SIGN IN to access Harper’s Magazine
Need to create a login? Want to change your email address or password? Forgot your password?
1. Sign in to Customer Care using your account number or postal address.
2. Select Email/Password Information.
3. Enter your new information and click on Save My Changes.
Subscribers can find additional help here. Not a subscriber? Subscribe today!
The Washington press corps is one big incestuous clusterfuck, but the instance in which Howard Kurtz criticized the beltway media was for its failure to lkick out Helen Thomas from her front row seat at White House press conferences sooner.
This is grand self-parody with Kurtz, the ultimate insider and gatekeeper for the conventional wisdom, saying, “It’s hard to avoid the conclusion that she was a member in good standing of a tightly knit club that refused to question why a woman whose main job seemed to be to harangue press secretaries and presidents deserved a front-row seat in the briefing room.”
Harangue a press secretary? Never. Play squirt guns with Vice President Biden? By all means.
Kurtz reported that there was an “eye-rolling reaction in the White House pressroom when Helen Thomas would go off on one of her rants about the Middle East. She had been there for so long, was so admired by female journalists, was such a curmudgeonly character, that she was regarded as everyone’s eccentric aunt.” No action was taken against Thomas “even when the late White House spokesman Tony Snow accused her of offering ‘the Hezbollah view’,” Kurtz complains.
Kurtz, it seems, believes the press should police itself on the basis of complaints from the White House.
Also, take a look at the actual transcript of Thomas’s remarks that brought down Snow’s wrath:
THOMAS: The United States is not that helpless. It could have stopped the bombardments of Lebanon. We have that much control with the Israelis.
SNOW: I don’t think so.
THOMAS: We have gone for collective punishment against all of Lebanon and Palestine. And what’s happening — and that’s the perception of the United States.
SNOW: Well, thank you for the Hezbollah view, but I would encourage you…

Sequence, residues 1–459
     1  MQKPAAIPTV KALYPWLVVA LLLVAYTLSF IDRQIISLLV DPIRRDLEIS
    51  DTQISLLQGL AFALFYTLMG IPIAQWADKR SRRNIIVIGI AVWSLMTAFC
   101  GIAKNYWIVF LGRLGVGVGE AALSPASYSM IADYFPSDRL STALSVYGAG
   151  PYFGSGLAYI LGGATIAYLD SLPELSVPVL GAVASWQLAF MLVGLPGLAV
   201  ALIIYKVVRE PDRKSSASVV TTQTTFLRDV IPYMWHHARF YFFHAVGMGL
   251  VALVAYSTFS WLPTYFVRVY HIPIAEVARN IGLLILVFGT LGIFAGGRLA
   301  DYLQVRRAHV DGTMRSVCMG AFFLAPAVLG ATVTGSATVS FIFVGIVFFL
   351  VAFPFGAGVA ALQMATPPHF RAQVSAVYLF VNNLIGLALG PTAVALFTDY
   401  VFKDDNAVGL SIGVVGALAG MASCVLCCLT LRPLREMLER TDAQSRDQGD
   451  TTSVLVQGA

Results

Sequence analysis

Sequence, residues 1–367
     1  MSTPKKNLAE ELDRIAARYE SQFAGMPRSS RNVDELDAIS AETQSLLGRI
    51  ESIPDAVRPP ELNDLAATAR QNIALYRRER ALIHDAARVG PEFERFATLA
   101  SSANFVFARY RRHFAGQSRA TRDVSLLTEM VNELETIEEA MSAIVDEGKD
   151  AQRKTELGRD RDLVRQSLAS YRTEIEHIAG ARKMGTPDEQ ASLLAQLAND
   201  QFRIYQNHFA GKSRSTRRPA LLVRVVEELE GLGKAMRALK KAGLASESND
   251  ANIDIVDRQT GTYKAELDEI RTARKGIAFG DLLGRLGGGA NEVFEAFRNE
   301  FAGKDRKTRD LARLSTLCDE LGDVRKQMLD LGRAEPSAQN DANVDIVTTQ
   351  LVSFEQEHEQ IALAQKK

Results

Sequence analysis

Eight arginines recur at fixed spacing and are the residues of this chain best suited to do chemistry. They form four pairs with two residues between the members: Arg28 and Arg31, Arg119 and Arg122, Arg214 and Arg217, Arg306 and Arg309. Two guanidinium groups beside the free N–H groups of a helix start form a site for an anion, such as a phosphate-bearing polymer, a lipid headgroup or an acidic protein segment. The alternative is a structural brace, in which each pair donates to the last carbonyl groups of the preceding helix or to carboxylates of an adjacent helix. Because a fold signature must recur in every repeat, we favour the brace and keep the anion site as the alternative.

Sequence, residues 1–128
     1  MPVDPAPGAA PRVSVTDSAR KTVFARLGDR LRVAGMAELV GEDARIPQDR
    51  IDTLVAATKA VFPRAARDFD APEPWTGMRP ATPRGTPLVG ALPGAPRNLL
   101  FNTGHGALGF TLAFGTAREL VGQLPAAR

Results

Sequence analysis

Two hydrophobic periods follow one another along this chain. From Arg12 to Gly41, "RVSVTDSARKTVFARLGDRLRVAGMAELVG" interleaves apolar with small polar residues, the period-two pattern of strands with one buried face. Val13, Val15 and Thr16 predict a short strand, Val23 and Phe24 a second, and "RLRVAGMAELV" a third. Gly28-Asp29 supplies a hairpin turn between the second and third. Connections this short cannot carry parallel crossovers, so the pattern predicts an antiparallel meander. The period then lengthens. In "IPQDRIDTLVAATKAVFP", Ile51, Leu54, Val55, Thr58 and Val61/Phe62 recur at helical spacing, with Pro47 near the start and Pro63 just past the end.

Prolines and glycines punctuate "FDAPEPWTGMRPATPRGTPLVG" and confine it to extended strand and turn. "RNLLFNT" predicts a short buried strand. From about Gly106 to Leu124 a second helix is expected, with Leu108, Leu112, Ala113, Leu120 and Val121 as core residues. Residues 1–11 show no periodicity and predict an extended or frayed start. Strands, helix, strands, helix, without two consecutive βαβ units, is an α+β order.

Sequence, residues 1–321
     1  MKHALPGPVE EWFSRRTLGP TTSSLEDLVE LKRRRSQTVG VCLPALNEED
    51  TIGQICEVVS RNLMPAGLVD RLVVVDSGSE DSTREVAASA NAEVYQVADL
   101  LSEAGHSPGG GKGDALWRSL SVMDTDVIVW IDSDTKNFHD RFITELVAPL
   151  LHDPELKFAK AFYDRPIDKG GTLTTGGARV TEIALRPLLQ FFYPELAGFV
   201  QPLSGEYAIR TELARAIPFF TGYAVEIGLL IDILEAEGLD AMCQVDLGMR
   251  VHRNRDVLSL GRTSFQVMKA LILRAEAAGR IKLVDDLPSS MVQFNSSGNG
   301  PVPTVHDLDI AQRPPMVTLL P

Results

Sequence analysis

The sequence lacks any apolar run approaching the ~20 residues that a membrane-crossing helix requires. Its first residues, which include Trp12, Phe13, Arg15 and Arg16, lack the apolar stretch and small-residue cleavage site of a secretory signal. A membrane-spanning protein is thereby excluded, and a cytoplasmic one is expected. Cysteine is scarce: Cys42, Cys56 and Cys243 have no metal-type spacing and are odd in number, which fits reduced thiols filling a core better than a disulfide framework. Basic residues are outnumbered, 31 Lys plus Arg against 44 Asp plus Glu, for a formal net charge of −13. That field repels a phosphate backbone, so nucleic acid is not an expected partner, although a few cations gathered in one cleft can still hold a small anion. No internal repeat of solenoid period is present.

Outside of Washington, there’s nothing controversial about Thomas’s remarks; that’s pretty much the way the rest of the world viewed the situation as well. But here in Washington — as seen in the official and media reaction to the flotilla affair — criticism of Israeli policies makes you “pro-Arab.”
None of this is a defense of Thomas’s awful remarks or everything she asked at White House press conferences (having never attended one and long past the point of bothering to watch them, I generally have no idea of what Thomas did or said at press conferences). But I’m confident Thomas wasn’t the biggest buffoon or blowhard in the beltway media.
After all, this is a Washington press corps that felt Stephen Colbert had embarrassed President George W. Bush, but didn’t feel it had embarrassed itself by inviting doddering old Rich Little to replace him at the annual suck-up dinner with the political establishment.
Meanwhile, the media keeps talking about the high stakes battle over who will inherit Thomas’s front-row seat, that “prized piece of real estate.”
Please. Swampland in Florida is the more apt description.
More from Ken Silverstein:
Commentary — November 17, 2015, 6:41 pm
The Clintons’ so-called charitable enterprise has served as a vehicle to launder money and to enrich family friends.
Estimated number of people who watched a live Webcast of a hair transplant last fall:
A rancher in Texas was developing a system that will permit hunters to kill animals by remote control via a website.
A man in Japan was arrested for stealing a prospective employer’s wallet during a job interview, and a court in Germany ruled that it is safe for a woman with breast implants to be a police officer.
Subscribe to the Weekly Review newsletter. Don’t worry, we won’t sell your email address!
"It is an interesting and somewhat macabre parlor game to play at a large gathering of one’s acquaintances: to speculate who in a showdown would go Nazi. By now, I think I know. I have gone through the experience many times—in Germany, in Austria, and in France. I have come to know the types: the born Nazis, the Nazis whom democracy itself has created, the certain-to-be fellow-travelers. And I also know those who never, under any conceivable circumstances, would become Nazis."